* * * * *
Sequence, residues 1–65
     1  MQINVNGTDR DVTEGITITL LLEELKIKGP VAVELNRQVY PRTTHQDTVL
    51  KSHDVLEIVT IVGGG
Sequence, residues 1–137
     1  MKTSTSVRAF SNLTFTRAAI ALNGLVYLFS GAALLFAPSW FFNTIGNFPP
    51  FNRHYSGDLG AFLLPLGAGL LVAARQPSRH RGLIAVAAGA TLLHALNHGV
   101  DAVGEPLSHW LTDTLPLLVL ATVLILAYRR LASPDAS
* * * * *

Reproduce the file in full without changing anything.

Sequence, residues 1–65
     1  MQINVNGTDR DVTEGITITL LLEELKIKGP VAVELNRQVY PRTTHQDTVL
    51  KSHDVLEIVT IVGGG
Sequence, residues 1–137
     1  MKTSTSVRAF SNLTFTRAAI ALNGLVYLFS GAALLFAPSW FFNTIGNFPP
    51  FNRHYSGDLG AFLLPLGAGL LVAARQPSRH RGLIAVAAGA TLLHALNHGV
   101  DAVGEPLSHW LTDTLPLLVL ATVLILAYRR LASPDAS